The melting of an Antarctic ice sheet roughly 14,000 years ago triggered a period of warming in Europe that marked the beginning of the end of the Earth’s last ice age, says a new study.
A paper in the March 14 issue of the journal Science suggests that a catastrophic collapse of an Antarctic ice sheet dumped roughly a million cubic litres per second of freshwater into the southern oceans, changing the climate thousands of kilometres to the north and ushering in a dramatic climate shift known as the Bølling-Allerød warm interval.
"The paper describes the last gasp of the ice age," says Jerry Mitrovica, the J. Tuzo Wilson Professor of Geophysics at the University of Toronto and co-author of the paper. "These are the spasms that got us from a climate where three kilometres of ice covered Canada to today’s conditions. We’re saying that what pulled us out of this - what ended the ice age - was this remarkable sequence of events. It all started in the Antarctic."
Nicolle Wahl | University of Toronto
Geophysicists and atmospheric scientists partner to track typhoons' seismic footprints
16.02.2018 | Princeton University
NASA finds strongest storms in weakening Tropical Cyclone Sanba
15.02.2018 | NASA/Goddard Space Flight Center
For the first time, a team of researchers at the Max-Planck Institute (MPI) for Polymer Research in Mainz, Germany, has succeeded in making an integrated circuit (IC) from just a monolayer of a semiconducting polymer via a bottom-up, self-assembly approach.
In the self-assembly process, the semiconducting polymer arranges itself into an ordered monolayer in a transistor. The transistors are binary switches used...
Breakthrough provides a new concept of the design of molecular motors, sensors and electricity generators at nanoscale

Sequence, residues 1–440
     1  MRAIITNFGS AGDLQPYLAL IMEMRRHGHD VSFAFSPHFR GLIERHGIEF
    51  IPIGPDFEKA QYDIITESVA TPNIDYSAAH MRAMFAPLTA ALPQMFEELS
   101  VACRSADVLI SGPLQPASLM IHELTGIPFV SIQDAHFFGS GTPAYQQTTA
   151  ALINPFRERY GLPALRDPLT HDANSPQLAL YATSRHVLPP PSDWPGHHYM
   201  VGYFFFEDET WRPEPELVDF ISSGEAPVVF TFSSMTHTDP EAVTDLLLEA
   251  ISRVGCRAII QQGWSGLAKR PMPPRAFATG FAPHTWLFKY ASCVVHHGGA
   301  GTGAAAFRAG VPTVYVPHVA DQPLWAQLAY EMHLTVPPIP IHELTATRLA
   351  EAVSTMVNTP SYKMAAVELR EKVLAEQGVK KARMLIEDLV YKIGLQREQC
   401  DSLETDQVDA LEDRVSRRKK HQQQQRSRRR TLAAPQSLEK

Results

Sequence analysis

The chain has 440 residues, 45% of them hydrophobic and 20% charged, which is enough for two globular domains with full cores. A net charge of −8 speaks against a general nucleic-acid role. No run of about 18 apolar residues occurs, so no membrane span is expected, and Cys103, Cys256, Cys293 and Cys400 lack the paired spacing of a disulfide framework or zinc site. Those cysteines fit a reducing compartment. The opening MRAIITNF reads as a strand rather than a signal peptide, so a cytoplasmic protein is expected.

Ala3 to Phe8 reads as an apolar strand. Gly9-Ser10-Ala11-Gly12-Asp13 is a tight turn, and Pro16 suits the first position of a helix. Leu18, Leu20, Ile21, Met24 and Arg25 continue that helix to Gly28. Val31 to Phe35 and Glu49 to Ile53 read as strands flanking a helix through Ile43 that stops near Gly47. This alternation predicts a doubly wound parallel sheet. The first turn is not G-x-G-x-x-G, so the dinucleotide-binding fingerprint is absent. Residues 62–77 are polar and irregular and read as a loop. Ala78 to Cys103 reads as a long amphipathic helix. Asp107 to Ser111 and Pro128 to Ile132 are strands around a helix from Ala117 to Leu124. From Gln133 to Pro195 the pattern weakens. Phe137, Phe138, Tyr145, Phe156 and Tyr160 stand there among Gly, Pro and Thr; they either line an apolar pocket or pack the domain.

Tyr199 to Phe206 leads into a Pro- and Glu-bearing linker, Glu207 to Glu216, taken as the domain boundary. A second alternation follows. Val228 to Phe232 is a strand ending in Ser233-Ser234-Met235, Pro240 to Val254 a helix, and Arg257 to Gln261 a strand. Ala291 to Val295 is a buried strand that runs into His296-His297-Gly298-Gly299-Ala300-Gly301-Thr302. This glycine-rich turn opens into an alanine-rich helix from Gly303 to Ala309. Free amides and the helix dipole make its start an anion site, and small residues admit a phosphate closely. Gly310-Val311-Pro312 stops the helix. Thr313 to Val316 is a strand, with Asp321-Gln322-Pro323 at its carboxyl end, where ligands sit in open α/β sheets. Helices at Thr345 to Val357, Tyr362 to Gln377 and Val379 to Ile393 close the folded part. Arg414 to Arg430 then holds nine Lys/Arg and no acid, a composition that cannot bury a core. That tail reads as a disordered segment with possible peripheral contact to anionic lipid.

Researchers from the Institute of Organic Chemistry and Biochemistry of the CAS (IOCB Prague), Institute of Physics of the CAS (IP CAS) and Palacký University...
For photographers and scientists, lenses are lifesavers. They reflect and refract light, making possible the imaging systems that drive discovery through the microscope and preserve history through cameras.
But today's glass-based lenses are bulky and resist miniaturization. Next-generation technologies, such as ultrathin cameras or tiny microscopes, require...
Scientists from the University of Zurich have succeeded for the first time in tracking individual stem cells and their neuronal progeny over months within the intact adult brain. This study sheds light on how new neurons are produced throughout life.
The generation of new nerve cells was once thought to taper off at the end of embryonic development. However, recent research has shown that the adult brain...
Theoretical physicists propose to use negative interference to control heat flow in quantum devices. Study published in Physical Review Letters
Quantum computer parts are sensitive and need to be cooled to very low temperatures. Their tiny size makes them particularly susceptible to a temperature...
15.02.2018 | Event News
13.02.2018 | Event News
12.02.2018 | Event News
19.02.2018 | Materials Sciences
19.02.2018 | Materials Sciences
19.02.2018 | Life Sciences